About Erk Tha Jerk
A hood nerd persona helped launch Erk’s career in hip-hop. A steady flow of ideas and an elasticity of spirit gave him real staying power.
Born and raised in Richmond, Erk attended Hayward High School along with a slew of other aspiring rappers and an R&B singer named London, who gave the emcee his stage handle.
“Out of the sky blue he called me Erk Tha Jerk,” Erk said, acknowledging that he hated the name at first, mostly because it got clowned. “He called me that for two or three hours, and then everyone used it. They thought it was hilarious.”
The name was both an homage to – and parody of – another East Bay rapper, Keak da Sneak. It eventually grew on Erk, who by that time was already an accomplished battle rapper. He cultivated a personality to match, and managed to easily outwit or out-pun his high school competitors. Later Erk would parlay that skill to write one of his first radio hits, a light-hearted roast on the hyphy movement called “I’m So Dumb.”
Erk’s sense of humor distinguished him early on. In 2008 he released “I’m So Dumb” and a boastful ode to female fans, called “Don’t Need ‘Em.” The first featured a dry snare and kick beat produced by Erk and DJ Slowpoke; the second was more saturated, with a looped Harold Melvin & the Blue Notes sample and a quote cribbed from Snoop Dogg. By that time Erk had also mastered several production programs, including Reason. That allowed him to mint tracks on his own laptop and maintain creative control of his own work. It also allowed him to be economical at the beginning of his career, though Erk never produced a full album by himself.
The success of those early, catchy songs propelled Erk’s Hood Nerd mixtapes, which he released between 2007 and 2010, along with a Hood Nerd EP. Available as free downloads, these proto-albums included slow jams, freestyles, skits, cameos by fellow rapper Kafani and R&B singer Samm, hits made for strip clubs, and remixes of then-popular tracks like J. Valentine’s “She’s Worth the Trouble.” They also helped build an audience for addictive singles like “Plane in the Air,” a collaboration with famed Oakland rapper Too $hort.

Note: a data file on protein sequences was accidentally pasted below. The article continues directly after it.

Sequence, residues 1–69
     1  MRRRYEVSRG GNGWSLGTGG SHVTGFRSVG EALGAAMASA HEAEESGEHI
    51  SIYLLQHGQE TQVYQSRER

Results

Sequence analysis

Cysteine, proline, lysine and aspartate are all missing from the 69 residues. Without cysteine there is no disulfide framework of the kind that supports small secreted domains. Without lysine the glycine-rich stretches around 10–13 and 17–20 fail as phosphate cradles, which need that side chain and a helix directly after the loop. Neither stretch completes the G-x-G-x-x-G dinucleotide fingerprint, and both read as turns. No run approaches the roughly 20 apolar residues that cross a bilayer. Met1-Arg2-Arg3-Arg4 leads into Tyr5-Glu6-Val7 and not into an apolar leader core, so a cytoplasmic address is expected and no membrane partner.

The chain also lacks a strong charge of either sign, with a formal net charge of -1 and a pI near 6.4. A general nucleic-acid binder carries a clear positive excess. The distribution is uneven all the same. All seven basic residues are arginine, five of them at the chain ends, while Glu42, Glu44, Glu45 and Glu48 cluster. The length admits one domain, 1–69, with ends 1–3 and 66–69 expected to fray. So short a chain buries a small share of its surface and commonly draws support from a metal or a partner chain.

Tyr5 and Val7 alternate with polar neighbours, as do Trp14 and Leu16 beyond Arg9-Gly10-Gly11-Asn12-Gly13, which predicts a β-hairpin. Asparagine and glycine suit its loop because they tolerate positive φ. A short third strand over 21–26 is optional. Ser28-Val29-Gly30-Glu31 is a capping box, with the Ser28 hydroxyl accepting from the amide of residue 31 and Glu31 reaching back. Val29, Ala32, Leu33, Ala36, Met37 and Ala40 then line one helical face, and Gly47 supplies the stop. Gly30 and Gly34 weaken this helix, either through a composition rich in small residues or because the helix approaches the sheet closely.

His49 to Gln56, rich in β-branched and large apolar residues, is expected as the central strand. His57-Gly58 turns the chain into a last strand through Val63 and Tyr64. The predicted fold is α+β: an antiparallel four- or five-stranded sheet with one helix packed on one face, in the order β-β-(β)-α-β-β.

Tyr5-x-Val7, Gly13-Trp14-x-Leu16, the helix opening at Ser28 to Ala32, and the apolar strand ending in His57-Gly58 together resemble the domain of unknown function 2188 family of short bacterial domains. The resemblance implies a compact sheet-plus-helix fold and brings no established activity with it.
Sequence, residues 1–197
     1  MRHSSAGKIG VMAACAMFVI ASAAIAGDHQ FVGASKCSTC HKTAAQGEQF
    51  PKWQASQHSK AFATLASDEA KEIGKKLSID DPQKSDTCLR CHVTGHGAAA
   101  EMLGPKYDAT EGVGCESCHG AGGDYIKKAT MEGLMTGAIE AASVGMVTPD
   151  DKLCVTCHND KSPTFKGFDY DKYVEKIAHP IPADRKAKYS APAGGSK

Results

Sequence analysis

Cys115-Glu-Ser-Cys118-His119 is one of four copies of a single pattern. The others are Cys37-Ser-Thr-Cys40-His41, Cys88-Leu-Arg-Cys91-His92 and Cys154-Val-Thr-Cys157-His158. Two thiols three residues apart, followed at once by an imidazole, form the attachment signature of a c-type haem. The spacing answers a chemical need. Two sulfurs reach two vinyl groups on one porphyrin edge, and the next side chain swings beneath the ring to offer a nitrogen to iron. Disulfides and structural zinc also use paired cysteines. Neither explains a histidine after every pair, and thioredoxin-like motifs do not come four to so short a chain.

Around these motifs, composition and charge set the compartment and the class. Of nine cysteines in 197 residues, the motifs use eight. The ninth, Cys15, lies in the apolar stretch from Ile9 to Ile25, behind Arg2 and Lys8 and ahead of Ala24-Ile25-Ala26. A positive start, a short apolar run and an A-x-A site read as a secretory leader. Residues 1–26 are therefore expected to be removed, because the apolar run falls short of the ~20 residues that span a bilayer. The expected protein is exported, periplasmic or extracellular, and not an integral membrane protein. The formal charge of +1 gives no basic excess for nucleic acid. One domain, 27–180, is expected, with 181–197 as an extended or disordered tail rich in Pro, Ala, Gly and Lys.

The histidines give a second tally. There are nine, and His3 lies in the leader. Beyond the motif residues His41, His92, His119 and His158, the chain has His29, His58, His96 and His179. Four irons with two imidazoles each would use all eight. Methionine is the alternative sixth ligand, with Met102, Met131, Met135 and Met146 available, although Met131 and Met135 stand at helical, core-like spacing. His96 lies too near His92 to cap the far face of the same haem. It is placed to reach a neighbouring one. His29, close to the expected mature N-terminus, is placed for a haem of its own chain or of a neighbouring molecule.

Though Erk maintained a steady following throughout the Bay Area, and won plaudits from local journalists, as well as his peers in hip-hop, it wasn’t until 2010 that the emcee got his first major star turn. It came with an AutoTune-plumped slow jam called “Right Here,” which quickly topped playlists on local hip-hop radio station 106 KMEL. A confident and edgy ballad, it showed the erstwhile hood nerd could also be a lady’s man – indeed, the ladies seemed to love it. But so did the gents. “Right Here” landed on Billboard’s Top 100 and became a regional hit on MTV, giving Erk the boost he needed for Nerd’s Eye View, the album he dropped that November.
That year he and a few friends hung out downstairs at KMEL’s Summer Jam concert, passing out CDs. “My song was blowing up,” Erk recalled. “We vowed to never come back unless we were onstage.” In the interim he would mint several more radio singles, including the peppy “Hands Up,” which featured a hook by singer Netta B. KMEL booked him for Summer Jam in 2011.
Nerd’s Eye View showed Erk to be an introspective and versatile rapper, capable of alternating from crowd-pleasers to personal, confessional tracks about failed relationships or alienation. Released by the San Francisco indie hip-hop label SMC Recordings, it included production by Bedrock, Traxamillion, and The Invasion, whose crunchy percussion and melodic hooks gave each rap an extra layer of gloss. Yet beneath its surface pleasures, Nerd’s Eye View was very much an autobiography. It documented Erk’s desires and impulses, but it also chronicled the less glamorous aspects of his life as a struggling artist and father.
There’s little question that Erk has matured since making the early, snide hits that first gave him an audience. But his sense of humor is still in tact. In April of 2013 the emcee released a “Free Erk!” mixtape on iTunes, which he promoted with an elaborate stunt. Playing on the multiple meanings of “free,” he offered the eleven track project at no cost, but also took a hiatus from Twitter and Instagram to make fans think he was in jail – or on the lam.
He said it worked. Not only did “Free Erk!” take off in the blogosphere, it was also marked the emcee’s greatest success on iTunes. And when Erk reappeared on social media, he got a hero’s welcome.
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